28 March 2017

I do not yoga (I do Mexico)

I do not yoga, as we know, but somehow I found myself signed up for a yoga retreat in Mexico.

Re. Mexico: I also never really had Mexico on my radar for travel purposes. It's so close to the States, and so many people go on vacation there, and I tend to want to go further afield for my adventures, so I wrote it off. I mean, I figured I would end up there someday, because it's next door, but it wasn't on the list of places to go because, well, it's close.

I loved Mexico. We stayed at a little resort at one end of a beach that had a park in the middle and a town on the other end, where foreign tourists sat drinking margaritas at the beachside bars and Mexican families played in the surf. 

"I forgot how much I love riding in the back seat of a crappy taxi through a new country while the driver plays pop music way too loud," I texted T. 

The days were warm and clear, except when it poured down tropical rain. 

J. and I played in the Pacific Ocean waves like kids. The only person who played in the waves as much as we did was 12 years old. We skipped yoga class to jump over and through waves. The other J., the 12 year old, taught us to angle into the waves so that we launched out the other side like dolphins leaping above the water, and we compared how successful our launches were after nearly every wave. 

We went scuba diving along the edge of a rocky island, with battered gear and three older people, two of whom flailed even more than I do, beginner that I am. On the first dive, I bit off the edge of my mouthpiece and had to hold the regulator in my mouth with my hand. My depth gauge didn't work. On the second dive, my mask kept fogging up. But M., my diving instructor, taught us to deal with those eventualities, and I was fine. 

We saw a cornetfish lingering motionless in the water, and schools of thousands of fish swam between us and the light. We swam down through a tunnel in the rock.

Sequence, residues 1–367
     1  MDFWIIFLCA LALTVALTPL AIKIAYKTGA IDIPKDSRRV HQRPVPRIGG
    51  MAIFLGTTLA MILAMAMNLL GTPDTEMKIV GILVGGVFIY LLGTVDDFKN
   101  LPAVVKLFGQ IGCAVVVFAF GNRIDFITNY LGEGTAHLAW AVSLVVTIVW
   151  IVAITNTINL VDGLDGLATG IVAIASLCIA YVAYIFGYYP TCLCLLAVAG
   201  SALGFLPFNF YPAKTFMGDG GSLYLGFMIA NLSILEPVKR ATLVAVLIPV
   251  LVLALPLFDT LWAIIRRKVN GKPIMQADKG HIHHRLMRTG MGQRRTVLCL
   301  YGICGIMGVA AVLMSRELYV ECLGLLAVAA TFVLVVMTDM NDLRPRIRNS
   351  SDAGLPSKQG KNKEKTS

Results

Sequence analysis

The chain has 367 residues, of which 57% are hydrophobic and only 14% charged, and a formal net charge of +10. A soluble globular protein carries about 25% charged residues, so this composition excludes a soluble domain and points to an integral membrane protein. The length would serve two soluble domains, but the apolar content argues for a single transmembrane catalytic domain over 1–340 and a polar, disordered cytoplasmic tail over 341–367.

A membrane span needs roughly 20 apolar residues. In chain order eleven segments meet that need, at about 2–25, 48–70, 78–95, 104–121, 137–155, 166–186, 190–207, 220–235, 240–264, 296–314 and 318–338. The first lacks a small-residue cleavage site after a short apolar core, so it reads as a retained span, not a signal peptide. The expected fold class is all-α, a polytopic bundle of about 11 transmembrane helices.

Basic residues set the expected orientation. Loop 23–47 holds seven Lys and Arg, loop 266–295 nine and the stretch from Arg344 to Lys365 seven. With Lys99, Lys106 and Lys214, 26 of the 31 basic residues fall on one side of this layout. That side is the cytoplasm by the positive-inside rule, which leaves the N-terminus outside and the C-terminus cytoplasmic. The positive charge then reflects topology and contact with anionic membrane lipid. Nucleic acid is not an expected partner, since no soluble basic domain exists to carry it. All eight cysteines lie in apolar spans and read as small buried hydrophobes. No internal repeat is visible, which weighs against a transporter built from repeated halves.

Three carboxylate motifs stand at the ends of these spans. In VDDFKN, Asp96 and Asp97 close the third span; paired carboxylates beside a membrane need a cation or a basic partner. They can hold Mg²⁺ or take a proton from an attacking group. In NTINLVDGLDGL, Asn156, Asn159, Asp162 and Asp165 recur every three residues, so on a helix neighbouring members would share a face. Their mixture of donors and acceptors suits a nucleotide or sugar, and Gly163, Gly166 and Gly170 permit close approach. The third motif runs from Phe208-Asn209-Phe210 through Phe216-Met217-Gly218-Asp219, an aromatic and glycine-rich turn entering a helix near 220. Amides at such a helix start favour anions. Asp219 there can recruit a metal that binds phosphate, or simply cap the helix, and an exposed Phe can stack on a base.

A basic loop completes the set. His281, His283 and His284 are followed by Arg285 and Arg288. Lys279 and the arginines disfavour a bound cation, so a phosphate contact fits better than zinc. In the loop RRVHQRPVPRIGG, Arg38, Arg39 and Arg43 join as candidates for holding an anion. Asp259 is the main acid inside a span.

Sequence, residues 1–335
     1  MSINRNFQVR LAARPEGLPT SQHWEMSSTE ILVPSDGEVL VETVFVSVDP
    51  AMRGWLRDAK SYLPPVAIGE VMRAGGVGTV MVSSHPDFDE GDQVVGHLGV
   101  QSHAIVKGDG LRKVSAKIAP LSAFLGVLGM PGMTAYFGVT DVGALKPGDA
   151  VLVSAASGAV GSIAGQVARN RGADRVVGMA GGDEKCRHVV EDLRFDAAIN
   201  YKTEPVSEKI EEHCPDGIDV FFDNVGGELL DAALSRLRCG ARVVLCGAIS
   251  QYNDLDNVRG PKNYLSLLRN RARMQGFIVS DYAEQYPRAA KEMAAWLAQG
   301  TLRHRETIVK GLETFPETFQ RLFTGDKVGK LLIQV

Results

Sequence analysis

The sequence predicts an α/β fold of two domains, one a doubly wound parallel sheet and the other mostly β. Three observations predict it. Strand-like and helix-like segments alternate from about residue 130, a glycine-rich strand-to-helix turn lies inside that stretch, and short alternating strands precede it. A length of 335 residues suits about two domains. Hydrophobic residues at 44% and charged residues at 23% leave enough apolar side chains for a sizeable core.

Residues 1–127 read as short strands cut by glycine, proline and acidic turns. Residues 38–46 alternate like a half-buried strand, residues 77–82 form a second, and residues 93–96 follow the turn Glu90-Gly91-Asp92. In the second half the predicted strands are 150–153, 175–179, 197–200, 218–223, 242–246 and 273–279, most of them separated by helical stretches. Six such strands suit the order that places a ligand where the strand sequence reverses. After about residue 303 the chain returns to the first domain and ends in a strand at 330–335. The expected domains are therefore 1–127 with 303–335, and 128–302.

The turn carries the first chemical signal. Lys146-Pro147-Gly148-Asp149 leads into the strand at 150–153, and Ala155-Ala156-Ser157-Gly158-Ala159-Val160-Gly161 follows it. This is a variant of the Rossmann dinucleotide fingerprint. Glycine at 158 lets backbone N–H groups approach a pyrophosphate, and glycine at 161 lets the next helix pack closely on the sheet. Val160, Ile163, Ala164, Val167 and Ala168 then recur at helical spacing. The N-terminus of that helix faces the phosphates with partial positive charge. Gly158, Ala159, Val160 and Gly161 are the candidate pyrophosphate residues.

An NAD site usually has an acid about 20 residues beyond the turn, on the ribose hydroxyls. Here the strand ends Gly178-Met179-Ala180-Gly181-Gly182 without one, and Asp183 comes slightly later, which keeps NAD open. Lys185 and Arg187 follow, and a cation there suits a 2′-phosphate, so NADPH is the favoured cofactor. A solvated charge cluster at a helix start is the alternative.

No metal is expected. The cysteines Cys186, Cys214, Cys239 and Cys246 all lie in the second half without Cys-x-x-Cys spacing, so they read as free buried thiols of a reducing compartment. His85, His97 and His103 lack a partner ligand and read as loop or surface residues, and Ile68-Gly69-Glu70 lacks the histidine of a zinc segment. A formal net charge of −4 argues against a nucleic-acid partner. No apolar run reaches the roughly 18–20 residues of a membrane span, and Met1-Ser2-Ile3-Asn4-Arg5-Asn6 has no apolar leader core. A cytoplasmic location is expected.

On the way out to diving, we saw a whale breach, and on the boat ride back, dolphins swam under the  boat. 

There was yoga. We did yoga from 7-9 am and from 4:30 to 6 pm. 

"Set your intention for the week," said the instructor peacefully the first day.

"My intention is not to kill anyone while doing yoga this week," I thought to myself. 

I managed that just fine the first day or two, so by day three I thought I was ready for more. I upgraded my intention.

"Don't hate everyone while doing yoga," I thought. That one didn't work - halfway through the class, I wanted to cry or quit - so I went back to resolving not to kill anyone. Turns out I'm pretty okay at not killing anyone while doing yoga. I am less okay at not hating the world while doing yoga. 

I survived six days of yoga, although, to be honest, I was down to one class per day for the last three days. 3.5 hours of yoga a day is a little excessive for a beginner. I did a shoulder-stand thing, though. (My neck has been bothering me, so no attempts at a headstand.) J. did headstands galore. 

Between yoga and eating and playing on the beach and taking a few naps (they made me get up at 6:15 am. On vacation. There were naps), a week flew by.

I quite like Mexico. I'd like to go back. 

I don't know about the yoga, though. Maybe. I've gone to a couple of classes since I've been back. (Shhhhhhh. Don't tell anyone.)